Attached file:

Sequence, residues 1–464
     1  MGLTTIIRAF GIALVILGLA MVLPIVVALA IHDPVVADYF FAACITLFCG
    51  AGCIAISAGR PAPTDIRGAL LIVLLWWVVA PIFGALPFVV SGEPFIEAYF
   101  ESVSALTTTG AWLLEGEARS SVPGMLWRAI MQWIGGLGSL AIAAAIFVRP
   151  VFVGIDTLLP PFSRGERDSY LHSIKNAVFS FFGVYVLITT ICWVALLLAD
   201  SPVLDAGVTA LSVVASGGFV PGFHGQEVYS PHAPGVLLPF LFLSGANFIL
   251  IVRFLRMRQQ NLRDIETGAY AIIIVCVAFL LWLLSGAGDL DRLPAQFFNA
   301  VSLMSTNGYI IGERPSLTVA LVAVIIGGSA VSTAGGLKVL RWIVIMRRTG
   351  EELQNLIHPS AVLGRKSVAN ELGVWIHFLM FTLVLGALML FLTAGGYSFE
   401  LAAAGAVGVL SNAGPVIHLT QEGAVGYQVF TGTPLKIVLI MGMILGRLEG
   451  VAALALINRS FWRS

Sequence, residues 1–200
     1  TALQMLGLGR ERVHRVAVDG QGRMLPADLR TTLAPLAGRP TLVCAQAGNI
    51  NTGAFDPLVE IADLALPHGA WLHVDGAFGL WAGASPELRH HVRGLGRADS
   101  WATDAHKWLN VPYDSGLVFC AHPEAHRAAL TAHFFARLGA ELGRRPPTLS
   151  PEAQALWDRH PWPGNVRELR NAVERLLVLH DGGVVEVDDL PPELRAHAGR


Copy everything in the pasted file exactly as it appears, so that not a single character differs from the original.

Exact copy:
Sequence, residues 1–464
     1  MGLTTIIRAF GIALVILGLA MVLPIVVALA IHDPVVADYF FAACITLFCG
    51  AGCIAISAGR PAPTDIRGAL LIVLLWWVVA PIFGALPFVV SGEPFIEAYF
   101  ESVSALTTTG AWLLEGEARS SVPGMLWRAI MQWIGGLGSL AIAAAIFVRP
   151  VFVGIDTLLP PFSRGERDSY LHSIKNAVFS FFGVYVLITT ICWVALLLAD
   201  SPVLDAGVTA LSVVASGGFV PGFHGQEVYS PHAPGVLLPF LFLSGANFIL
   251  IVRFLRMRQQ NLRDIETGAY AIIIVCVAFL LWLLSGAGDL DRLPAQFFNA
   301  VSLMSTNGYI IGERPSLTVA LVAVIIGGSA VSTAGGLKVL RWIVIMRRTG
   351  EELQNLIHPS AVLGRKSVAN ELGVWIHFLM FTLVLGALML FLTAGGYSFE
   401  LAAAGAVGVL SNAGPVIHLT QEGAVGYQVF TGTPLKIVLI MGMILGRLEG
   451  VAALALINRS FWRS

Sequence, residues 1–200
     1  TALQMLGLGR ERVHRVAVDG QGRMLPADLR TTLAPLAGRP TLVCAQAGNI
    51  NTGAFDPLVE IADLALPHGA WLHVDGAFGL WAGASPELRH HVRGLGRADS
   101  WATDAHKWLN VPYDSGLVFC AHPEAHRAAL TAHFFARLGA ELGRRPPTLS
   151  PEAQALWDRH PWPGNVRELR NAVERLLVLH DGGVVEVDDL PPELRAHAGR